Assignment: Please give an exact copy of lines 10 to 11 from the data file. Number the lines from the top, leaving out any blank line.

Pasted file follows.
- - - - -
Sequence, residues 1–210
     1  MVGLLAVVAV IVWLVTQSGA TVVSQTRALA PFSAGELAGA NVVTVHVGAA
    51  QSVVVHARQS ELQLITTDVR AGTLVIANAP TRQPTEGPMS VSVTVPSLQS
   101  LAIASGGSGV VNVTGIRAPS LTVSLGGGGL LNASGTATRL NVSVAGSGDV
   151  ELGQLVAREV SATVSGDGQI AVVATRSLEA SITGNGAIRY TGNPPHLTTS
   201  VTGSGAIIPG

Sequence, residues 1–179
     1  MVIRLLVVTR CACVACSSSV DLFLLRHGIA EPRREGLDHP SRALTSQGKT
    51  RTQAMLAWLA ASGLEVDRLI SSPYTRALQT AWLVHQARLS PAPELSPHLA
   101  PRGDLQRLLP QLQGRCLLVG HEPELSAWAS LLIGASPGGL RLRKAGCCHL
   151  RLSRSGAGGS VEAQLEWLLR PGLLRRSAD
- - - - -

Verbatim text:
   101  PRGDLQRLLP QLQGRCLLVG HEPELSAWAS LLIGASPGGL RLRKAGCCHL
   151  RLSRSGAGGS VEAQLEWLLR PGLLRRSAD